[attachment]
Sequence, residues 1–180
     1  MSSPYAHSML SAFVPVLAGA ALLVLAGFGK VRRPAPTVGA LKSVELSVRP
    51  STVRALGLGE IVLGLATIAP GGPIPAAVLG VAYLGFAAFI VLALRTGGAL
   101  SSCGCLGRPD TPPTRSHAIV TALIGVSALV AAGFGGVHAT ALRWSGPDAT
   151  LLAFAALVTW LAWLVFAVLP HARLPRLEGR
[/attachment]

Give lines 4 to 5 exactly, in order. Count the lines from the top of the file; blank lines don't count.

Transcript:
   101  SSCGCLGRPD TPPTRSHAIV TALIGVSALV AAGFGGVHAT ALRWSGPDAT
   151  LLAFAALVTW LAWLVFAVLP HARLPRLEGR